CHOSEN

Ireland might be known for a lot of things but metal isn’t exactly the first thing you come to think of. Is it because they get lumped in with the British? Or is it because there are no bands. Read thjis interview with CHOSEN’s Paul Shields to find out the answer. Anders Ekdahl ©2013

For those that don’t know you guys that well could you please introduce yourself?
-We are a two-piece metal band from Ireland, consisting of just two members: David McCann on drums and percussion and yours truly on guitars and vocals. Some other basic facts about us: the band formed in Ireland in 2005, relocated to Vancouver, Canada for a year and toured the country, put on a tribute gig to Death in which we played the entire Symbolic album from start to finish, and have now just released our debut album ‘Resolution’ for free download.

Ireland isn’t a large country. What is it like to be stuck on an island?
-Ireland isn’t that much different to most of the western world and we do appear to take a lot of influence from aspects of North American and English culture. We may be on the edge of Europe but cheap air travel allows many of us to visit any part of mainland Europe in less than two hours or so. Perhaps the best way to describe a certain type of living situation is by actually living in different parts of the world. As mentioned, we both lived in Vancouver, Canada for a year and we find that living in Ireland is much like living in a scaled down version of Canada. Essentially, we work jobs, go to college, socialise with friends, browse the internet, and play music in very similar ways to how we lived in Canada. Okay, so the scenery in Vancouver was spectacular but we pretty much enjoy the same kind of lives here in Ireland. To be honest, I think we’d be living a similar lifestyle no matter what part of the planet we lived on.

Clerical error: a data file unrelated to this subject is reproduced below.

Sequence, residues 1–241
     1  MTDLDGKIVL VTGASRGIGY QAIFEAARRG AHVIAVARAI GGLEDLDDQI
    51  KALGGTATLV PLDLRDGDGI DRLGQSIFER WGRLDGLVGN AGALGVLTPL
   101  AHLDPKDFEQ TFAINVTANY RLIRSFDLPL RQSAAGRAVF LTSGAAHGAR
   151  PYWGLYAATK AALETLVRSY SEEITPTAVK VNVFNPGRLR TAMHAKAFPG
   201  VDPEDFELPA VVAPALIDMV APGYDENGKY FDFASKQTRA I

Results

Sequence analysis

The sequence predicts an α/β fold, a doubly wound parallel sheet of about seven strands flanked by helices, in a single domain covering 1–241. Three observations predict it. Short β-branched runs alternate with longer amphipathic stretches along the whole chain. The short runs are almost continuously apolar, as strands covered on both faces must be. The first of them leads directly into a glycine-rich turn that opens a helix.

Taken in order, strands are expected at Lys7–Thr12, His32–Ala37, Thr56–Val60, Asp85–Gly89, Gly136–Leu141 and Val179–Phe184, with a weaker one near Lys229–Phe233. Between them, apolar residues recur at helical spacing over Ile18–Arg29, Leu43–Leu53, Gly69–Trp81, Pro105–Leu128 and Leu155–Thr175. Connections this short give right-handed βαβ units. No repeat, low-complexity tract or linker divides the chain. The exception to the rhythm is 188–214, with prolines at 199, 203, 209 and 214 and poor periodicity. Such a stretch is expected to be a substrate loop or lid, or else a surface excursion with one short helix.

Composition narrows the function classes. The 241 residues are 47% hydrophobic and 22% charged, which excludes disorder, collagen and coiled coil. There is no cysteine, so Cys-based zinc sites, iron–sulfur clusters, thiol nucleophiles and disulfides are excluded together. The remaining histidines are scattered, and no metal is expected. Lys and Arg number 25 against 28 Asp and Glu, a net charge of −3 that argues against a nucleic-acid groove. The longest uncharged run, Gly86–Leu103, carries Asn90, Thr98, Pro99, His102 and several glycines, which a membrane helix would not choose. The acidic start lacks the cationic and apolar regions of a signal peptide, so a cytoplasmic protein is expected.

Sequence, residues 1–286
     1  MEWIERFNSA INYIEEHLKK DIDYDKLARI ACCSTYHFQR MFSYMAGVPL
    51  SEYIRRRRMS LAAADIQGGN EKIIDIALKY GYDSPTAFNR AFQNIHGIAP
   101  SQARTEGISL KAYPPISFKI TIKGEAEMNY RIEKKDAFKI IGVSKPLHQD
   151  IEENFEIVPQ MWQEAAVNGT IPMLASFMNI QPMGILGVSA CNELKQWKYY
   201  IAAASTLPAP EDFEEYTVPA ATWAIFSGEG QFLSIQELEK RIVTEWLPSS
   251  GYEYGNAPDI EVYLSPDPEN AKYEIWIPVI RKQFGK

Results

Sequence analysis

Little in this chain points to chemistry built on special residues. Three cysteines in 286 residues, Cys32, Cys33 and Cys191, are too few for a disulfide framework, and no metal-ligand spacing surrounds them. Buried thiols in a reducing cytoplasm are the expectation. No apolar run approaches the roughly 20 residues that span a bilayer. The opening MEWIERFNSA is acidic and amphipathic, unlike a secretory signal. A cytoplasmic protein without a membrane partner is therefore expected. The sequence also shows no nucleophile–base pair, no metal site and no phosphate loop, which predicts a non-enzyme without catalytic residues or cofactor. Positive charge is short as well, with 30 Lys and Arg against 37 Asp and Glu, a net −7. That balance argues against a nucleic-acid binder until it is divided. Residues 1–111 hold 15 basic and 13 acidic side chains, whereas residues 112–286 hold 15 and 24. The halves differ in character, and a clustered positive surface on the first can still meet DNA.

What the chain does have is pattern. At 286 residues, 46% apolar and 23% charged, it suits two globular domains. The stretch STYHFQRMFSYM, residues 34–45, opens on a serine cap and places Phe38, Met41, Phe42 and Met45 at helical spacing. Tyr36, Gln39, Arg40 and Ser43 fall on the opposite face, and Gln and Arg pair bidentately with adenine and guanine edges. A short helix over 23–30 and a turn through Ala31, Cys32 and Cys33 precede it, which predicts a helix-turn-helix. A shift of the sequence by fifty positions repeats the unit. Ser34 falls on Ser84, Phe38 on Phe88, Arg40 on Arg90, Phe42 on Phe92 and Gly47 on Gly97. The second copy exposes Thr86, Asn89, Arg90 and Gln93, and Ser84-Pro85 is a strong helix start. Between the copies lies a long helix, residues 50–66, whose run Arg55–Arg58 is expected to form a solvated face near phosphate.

How would you like to explain the origin of your sound?
-It is hard to pin point an exact origin for our music. There is very little Irish influence in our material though as the majority of the bands we listen to come from the US or Europe. However our music is not just influenced by the bands we listen to but also from other life experiences such as authors, writers, filmmakers, or whatever happens to trigger the want to write music.

When you are in the process of recording, on what criteria do you chose a studio to work in?
-We were lucky to have worked with producer Alwyn Walker in 2006. We got to know how he operated and he got to know us as a band. So when it came time to pick a studio to record ‘Resolution’ it was always going to be with Alwyn, who had then recently taken over Westland Studios in Dublin. In an age where more and more musicians are opting to self-produce, Alwyn embodies what every musician hopes to find in their ideal producer: someone who gets the absolute best performance out of them and has the experience and ears to take their songs to the next level. It’s not so much the studio as it is the person in whom you entrust your creative vision. We’d probably record with Alwyn if he set up a studio in an old dingy warehouse.

What are your feelings on the album now that you’ve had to time to live with it?
-I am sure most bands know their own material inside out. With ‘Resolution’, the material has been with us for some time, as the process of recording the album stretched over a number of years due to some line-up issues. So, you could say we have ‘lived with it’ for much longer than people might think. Of course, we are delighted with how the album turned out and could never have imagined that it would be downloaded over 15,000 times in its first 45 days of release. In the grand scheme of things, those numbers are pretty insignificant but for a niche band such as ourselves, with no record label, it’s a heartening result.

When you have an album to promote how do you know what people to work with? How do you find the right kind of people?